What makes Bitcoin so BIPping better?

BIP stands for Bitcoin Improvement Proposal. A BIP is a design document providing information to the Bitcoin community, or describing a new feature for Bitcoin or its processes or environment. The BIP should provide a concise technical specification of the feature and a rationale for the feature.

We intend BIPs to be the primary mechanisms for proposing new features, for collecting community input on an issue, and for documenting the design decisions that have gone into Bitcoin.

When the 51% vote it so then it is made it so.

Additionally, every I can do it better than Bitcoin! crypto needs to do better those BIPs, and every new one that comes after that.

That might take a while, if ever.

How to find the secret message in Bitcoin’s first transaction?

Satoshi left a secret message in Bitcoin’s first transaction:

The Times 03/Jan/2009 Chancellor on brink of second bailout for banks

It refers to this article in The Sunday Times. The point is to prove that the chain was created at least by that date. It’s also a tongue-in-cheek joke about the nature of currency and how governments manage it. You don’t have to take my word for it, though. Here is how to find it yourself albeit using the Bitcoin GUI instead of the command-line interface.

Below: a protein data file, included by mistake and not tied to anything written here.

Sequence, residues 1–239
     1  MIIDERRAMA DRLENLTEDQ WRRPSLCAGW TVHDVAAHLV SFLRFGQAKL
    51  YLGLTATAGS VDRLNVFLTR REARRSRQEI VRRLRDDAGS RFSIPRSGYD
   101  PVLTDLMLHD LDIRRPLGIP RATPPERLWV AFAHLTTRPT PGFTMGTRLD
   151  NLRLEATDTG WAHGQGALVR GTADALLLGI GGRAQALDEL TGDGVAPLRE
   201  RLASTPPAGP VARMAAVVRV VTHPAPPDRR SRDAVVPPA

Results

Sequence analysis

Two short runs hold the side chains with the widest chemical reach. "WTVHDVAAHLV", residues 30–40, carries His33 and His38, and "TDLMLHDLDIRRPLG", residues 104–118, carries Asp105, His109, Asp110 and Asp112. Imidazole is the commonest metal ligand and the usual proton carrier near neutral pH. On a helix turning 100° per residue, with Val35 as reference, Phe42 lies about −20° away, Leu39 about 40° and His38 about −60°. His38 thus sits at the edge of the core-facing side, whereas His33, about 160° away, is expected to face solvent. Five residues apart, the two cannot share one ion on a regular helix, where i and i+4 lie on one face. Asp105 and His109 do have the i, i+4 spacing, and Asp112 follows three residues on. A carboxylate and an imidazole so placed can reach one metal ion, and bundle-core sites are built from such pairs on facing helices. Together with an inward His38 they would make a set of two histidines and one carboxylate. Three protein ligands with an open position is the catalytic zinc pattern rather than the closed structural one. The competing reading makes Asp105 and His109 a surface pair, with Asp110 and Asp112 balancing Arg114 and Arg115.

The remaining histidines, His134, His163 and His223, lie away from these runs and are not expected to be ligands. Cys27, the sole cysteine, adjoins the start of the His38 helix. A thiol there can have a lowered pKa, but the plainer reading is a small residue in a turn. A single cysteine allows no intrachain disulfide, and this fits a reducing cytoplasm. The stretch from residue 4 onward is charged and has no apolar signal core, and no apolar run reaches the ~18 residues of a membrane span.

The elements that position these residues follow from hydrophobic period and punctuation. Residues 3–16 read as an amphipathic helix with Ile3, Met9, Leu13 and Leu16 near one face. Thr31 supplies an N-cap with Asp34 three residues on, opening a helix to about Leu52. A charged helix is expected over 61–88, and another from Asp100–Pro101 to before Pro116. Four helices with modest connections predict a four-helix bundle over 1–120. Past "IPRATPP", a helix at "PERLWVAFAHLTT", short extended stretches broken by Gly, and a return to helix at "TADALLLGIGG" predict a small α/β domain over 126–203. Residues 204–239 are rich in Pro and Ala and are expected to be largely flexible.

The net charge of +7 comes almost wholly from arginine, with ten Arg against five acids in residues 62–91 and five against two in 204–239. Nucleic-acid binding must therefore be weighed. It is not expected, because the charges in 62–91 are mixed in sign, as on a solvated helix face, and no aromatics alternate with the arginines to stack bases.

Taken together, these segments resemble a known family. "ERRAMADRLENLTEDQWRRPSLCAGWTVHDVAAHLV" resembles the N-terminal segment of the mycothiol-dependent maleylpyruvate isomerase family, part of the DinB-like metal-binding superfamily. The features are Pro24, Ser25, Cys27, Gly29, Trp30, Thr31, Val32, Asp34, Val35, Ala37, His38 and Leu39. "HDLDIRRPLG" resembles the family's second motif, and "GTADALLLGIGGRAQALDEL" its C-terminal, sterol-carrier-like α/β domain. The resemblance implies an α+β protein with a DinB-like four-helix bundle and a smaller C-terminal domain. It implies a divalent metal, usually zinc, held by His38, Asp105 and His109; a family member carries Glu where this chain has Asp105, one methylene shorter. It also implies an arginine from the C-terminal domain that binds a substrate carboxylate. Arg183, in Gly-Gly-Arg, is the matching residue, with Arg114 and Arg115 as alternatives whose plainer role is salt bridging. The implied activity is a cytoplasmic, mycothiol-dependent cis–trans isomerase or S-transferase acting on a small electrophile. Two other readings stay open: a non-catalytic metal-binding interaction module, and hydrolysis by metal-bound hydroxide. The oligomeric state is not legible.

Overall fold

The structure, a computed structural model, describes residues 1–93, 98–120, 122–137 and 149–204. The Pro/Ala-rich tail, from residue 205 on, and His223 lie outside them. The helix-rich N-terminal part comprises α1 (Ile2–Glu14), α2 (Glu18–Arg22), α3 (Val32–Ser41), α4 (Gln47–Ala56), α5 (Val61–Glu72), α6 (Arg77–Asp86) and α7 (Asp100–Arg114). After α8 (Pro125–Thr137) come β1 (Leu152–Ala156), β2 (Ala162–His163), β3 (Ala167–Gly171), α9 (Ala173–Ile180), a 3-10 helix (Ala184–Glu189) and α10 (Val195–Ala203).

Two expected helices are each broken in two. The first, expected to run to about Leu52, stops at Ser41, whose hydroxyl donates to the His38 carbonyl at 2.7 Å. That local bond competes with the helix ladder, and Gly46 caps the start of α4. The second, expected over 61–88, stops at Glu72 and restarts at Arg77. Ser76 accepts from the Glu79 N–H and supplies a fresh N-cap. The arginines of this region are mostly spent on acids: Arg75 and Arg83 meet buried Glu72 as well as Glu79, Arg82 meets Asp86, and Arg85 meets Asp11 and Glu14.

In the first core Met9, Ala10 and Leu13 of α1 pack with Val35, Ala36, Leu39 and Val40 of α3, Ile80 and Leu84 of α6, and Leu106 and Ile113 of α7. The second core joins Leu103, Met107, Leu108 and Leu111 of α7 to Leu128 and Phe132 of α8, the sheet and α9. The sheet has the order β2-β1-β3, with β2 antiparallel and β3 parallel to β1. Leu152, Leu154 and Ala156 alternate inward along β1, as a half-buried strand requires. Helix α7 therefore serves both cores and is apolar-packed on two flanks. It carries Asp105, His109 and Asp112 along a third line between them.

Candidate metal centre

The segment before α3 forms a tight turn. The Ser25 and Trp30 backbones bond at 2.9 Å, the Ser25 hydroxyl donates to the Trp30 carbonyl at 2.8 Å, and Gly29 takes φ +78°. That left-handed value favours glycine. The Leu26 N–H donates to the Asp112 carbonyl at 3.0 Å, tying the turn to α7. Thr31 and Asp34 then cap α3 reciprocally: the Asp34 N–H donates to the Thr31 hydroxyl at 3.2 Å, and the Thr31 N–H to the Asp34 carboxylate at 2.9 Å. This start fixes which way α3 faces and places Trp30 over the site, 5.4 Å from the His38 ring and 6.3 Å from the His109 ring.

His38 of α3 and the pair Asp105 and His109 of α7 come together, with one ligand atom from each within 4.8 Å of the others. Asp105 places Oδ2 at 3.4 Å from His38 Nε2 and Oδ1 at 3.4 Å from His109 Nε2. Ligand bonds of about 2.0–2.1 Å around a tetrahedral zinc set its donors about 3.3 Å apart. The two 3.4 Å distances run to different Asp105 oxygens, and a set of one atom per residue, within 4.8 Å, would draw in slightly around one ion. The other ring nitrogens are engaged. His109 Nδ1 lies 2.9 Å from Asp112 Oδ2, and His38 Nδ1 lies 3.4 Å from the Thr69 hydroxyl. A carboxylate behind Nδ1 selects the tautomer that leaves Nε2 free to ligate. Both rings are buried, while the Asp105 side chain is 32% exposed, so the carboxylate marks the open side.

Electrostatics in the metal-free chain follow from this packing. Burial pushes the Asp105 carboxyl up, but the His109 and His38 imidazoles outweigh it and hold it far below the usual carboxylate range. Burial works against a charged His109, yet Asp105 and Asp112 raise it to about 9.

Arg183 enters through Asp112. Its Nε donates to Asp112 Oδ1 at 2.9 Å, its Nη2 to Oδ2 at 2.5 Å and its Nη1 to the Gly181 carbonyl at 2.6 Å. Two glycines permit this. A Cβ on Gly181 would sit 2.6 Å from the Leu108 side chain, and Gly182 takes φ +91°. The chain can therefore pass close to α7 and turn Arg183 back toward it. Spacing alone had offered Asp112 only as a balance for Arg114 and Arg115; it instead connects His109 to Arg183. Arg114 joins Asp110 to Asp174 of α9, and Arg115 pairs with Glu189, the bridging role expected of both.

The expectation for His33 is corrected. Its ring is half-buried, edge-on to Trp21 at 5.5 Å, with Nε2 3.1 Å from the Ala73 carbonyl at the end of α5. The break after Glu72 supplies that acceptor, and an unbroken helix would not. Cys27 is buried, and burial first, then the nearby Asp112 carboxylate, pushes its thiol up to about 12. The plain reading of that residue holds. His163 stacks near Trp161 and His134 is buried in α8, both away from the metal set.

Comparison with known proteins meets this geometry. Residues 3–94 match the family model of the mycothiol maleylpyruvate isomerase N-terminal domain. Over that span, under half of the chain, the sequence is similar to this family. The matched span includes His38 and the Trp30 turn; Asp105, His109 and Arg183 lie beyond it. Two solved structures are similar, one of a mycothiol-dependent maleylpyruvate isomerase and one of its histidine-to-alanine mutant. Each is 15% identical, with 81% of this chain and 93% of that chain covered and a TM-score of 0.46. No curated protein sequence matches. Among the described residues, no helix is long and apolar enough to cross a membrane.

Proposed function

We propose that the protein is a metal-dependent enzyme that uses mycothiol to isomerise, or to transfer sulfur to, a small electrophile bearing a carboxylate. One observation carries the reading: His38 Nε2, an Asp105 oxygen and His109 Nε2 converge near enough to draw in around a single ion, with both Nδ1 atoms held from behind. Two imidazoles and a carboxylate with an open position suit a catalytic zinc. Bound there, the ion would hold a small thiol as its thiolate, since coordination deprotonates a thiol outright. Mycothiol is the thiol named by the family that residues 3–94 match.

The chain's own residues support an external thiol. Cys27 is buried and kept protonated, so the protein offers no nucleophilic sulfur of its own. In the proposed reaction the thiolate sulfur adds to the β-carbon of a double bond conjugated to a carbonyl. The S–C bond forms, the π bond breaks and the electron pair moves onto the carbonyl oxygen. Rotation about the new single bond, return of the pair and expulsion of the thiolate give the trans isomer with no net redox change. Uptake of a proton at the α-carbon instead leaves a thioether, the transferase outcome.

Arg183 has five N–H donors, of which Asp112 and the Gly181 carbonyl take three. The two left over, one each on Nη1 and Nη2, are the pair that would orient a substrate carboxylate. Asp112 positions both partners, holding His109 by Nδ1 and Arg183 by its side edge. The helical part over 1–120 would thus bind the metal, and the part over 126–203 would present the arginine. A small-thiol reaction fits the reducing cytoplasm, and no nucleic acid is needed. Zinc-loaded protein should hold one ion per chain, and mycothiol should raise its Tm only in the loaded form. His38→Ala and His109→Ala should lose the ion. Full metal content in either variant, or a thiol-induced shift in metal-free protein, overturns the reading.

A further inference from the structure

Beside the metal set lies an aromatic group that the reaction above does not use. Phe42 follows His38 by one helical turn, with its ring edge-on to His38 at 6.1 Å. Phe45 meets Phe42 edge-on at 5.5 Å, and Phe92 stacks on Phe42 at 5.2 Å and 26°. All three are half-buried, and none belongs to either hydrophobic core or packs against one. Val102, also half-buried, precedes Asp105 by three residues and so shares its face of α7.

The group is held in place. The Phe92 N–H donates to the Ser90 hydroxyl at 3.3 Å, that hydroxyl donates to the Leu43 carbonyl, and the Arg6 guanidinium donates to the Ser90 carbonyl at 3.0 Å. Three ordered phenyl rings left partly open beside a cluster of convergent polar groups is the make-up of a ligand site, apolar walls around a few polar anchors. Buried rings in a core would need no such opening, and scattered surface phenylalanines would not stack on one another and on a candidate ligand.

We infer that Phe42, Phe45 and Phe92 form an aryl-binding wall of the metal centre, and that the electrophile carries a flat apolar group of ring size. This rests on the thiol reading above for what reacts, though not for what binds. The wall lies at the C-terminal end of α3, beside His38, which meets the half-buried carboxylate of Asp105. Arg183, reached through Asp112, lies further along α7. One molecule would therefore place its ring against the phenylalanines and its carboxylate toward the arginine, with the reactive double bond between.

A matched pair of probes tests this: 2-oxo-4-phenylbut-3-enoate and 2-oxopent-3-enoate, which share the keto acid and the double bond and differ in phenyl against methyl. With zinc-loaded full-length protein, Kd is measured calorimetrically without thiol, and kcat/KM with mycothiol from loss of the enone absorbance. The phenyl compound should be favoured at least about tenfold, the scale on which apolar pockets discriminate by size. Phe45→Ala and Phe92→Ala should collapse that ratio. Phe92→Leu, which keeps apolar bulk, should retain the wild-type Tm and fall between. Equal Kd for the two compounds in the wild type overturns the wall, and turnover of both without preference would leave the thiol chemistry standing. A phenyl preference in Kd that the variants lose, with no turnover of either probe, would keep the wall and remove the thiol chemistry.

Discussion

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Be sure to set up your Bitcoin node with the full transaction index!

Out of the box, you can only look up a transaction by its index when the transaction is associated with a wallet you own. This optimization makes sense from an efficiency perspective because should you waste disk space on transactions that aren’t your own? That is a good point, but you don’t save much space.

Continue reading “Be sure to set up your Bitcoin node with the full transaction index!”

Automatically open read-only files in View mode

When you open read-only files in Emacs, you probably won’t want to attempt to save them. Emacs will warn you if you try and help you deal with it. However, most of the time, it is interruptive to your flow to deal with it—most of the time, we never want to modify read-only files.

In that case, View mode will make it easier for you:

Toggle View mode, a minor mode for viewing text but not editing it.

When View mode is enabled, commands that do not change the buffer contents are available as usual. Kill commands save text but do not delete it from the buffer. Most other commands beep and tell the user that the buffer is read-only.

Enable it automatically with

(setq view-read-only t)

Via EmacsWiki!